Nearly every business is using some form of cloud computing or storage service. And why not? The explosion of data sources and the need to utilize that data meaningfully means organizations will turn to a place that not only enables them to store data but access applications as well.
No wonder cloud computing has transformed so many businesses throughout the past decade with its scalability, versatility, and reliability.
Companies are using public, private, and hybrid clouds in different ways, shaping the direction of the space in 2018. And this trend will only gather traction as cloud computing matures. Let’s check out some of the developments in store for cloud computing this year:
1. Multicloud strategies
As the name suggests, multicloud strategies use one or more cloud computing services to prevent the loss of downtime and data, and avoid issues related to vendor lock-in. A multicloud strategy normally involves a mix of service (IaaS) and public infrastructure environments, and the strategies are not built around a single cloud.
The outcome of multicloud strategies is a better future, thanks to the speed, features, and capacity offered by certain cloud providers. A few businesses also use multicloud for data sovereignty purposes because they do not wish to be locked in.
So, a multicloud strategy boils down to locating the best cloud service for technical and business requirements, thereby saving millions of dollars annually in infrastructure and cost reduction (remember, you cannot print your own money, no quantitative easing for you!). Moreover, different clouds provide different functionality and innovation, which means enterprises stand to benefit from all that the clouds have to offer.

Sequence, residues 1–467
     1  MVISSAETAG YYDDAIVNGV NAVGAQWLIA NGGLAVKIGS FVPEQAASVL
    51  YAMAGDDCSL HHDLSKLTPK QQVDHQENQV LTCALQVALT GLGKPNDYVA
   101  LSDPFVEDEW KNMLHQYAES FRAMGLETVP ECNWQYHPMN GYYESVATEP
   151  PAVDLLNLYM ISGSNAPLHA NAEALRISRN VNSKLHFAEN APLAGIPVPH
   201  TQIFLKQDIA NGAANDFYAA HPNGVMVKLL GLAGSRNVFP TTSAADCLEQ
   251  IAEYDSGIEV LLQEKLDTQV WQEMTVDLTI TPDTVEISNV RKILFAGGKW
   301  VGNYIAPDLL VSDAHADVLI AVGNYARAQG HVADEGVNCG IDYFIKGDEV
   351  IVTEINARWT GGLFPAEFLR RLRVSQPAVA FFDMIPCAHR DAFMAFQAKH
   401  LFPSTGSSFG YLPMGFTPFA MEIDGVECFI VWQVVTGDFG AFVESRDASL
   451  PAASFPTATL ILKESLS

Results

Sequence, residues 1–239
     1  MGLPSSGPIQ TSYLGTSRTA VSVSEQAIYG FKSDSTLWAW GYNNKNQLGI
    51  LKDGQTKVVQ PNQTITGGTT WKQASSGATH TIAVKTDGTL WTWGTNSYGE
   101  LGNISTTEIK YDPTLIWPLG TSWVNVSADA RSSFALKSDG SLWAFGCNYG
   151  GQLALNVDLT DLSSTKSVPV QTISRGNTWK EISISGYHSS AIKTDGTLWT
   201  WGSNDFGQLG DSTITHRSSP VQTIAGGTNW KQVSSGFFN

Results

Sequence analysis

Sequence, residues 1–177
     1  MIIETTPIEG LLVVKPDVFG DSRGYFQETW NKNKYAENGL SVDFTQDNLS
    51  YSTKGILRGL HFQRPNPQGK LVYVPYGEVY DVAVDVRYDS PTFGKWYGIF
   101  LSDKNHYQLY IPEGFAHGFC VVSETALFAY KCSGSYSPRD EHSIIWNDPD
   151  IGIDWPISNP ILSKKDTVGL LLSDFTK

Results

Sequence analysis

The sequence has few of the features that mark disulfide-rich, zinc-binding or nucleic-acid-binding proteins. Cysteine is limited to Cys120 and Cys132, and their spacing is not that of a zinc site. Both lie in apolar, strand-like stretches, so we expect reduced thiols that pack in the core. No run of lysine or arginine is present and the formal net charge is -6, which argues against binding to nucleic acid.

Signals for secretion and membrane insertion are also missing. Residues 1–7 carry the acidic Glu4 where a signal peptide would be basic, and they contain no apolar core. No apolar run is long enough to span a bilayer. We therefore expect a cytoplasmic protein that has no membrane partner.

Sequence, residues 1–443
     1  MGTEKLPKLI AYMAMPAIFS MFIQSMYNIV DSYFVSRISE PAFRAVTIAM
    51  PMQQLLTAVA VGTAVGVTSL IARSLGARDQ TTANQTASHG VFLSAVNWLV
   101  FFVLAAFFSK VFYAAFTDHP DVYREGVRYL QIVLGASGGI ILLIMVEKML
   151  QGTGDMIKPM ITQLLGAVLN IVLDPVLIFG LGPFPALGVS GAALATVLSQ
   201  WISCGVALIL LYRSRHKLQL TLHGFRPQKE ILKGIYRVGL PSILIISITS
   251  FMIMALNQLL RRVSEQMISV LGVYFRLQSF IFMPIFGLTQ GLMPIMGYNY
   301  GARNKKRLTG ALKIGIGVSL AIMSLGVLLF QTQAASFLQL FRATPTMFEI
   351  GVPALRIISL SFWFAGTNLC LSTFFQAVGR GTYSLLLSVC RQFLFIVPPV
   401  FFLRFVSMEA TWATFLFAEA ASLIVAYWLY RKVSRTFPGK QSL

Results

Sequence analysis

2. New form of data ownership
As new cloud ecosystems, including borderless ones, emerge in the industry, and new regulations, such as the General Data Protection Regulation (GDPR) are implemented, data ownership will no longer remain the same in 2018.
Organizations cling to the idea that they are the owners of the collected data, and are free to do whatever they want with it. But GDPR will change the perspective of data ownership to focus more on the user. So, new rules to protect the consumer data of individuals or suffer reputational damage and hefty fines will come into play in 2018.
3. Industry-specific cloud computing
Industry-specific clouds will soon become standard for fulfilling the unique requirements, specific regulations, and capability needs of various industries. You need to realize that different industries work differently. Plus, cloud computing isn’t just restricted to business.
In fact, sectors as varied as health care, government, insurance, life sciences, financial services, and legal are some of the popular users of industry-specific clouds. And the user base will only become more diversified in 2018. Even Taco Bell uses the cloud (it is a major business!) and damn, those chalupas are good!
4. Moving to the private cloud
2018 is the year when cloud computing goes private. This might have something to do with the fact that more and more companies want to exercise complete control over their computing resources.
It’s not surprising that they would agree to pay more every month and deal with hidden expenses just so they could access the necessary amount of computing power from AWS and other cloud services. But aside from the sudden line items showing up on monthly invoices, cloud customers may also have to shell out additional fees for staying covered against cyberattacks and performance issues.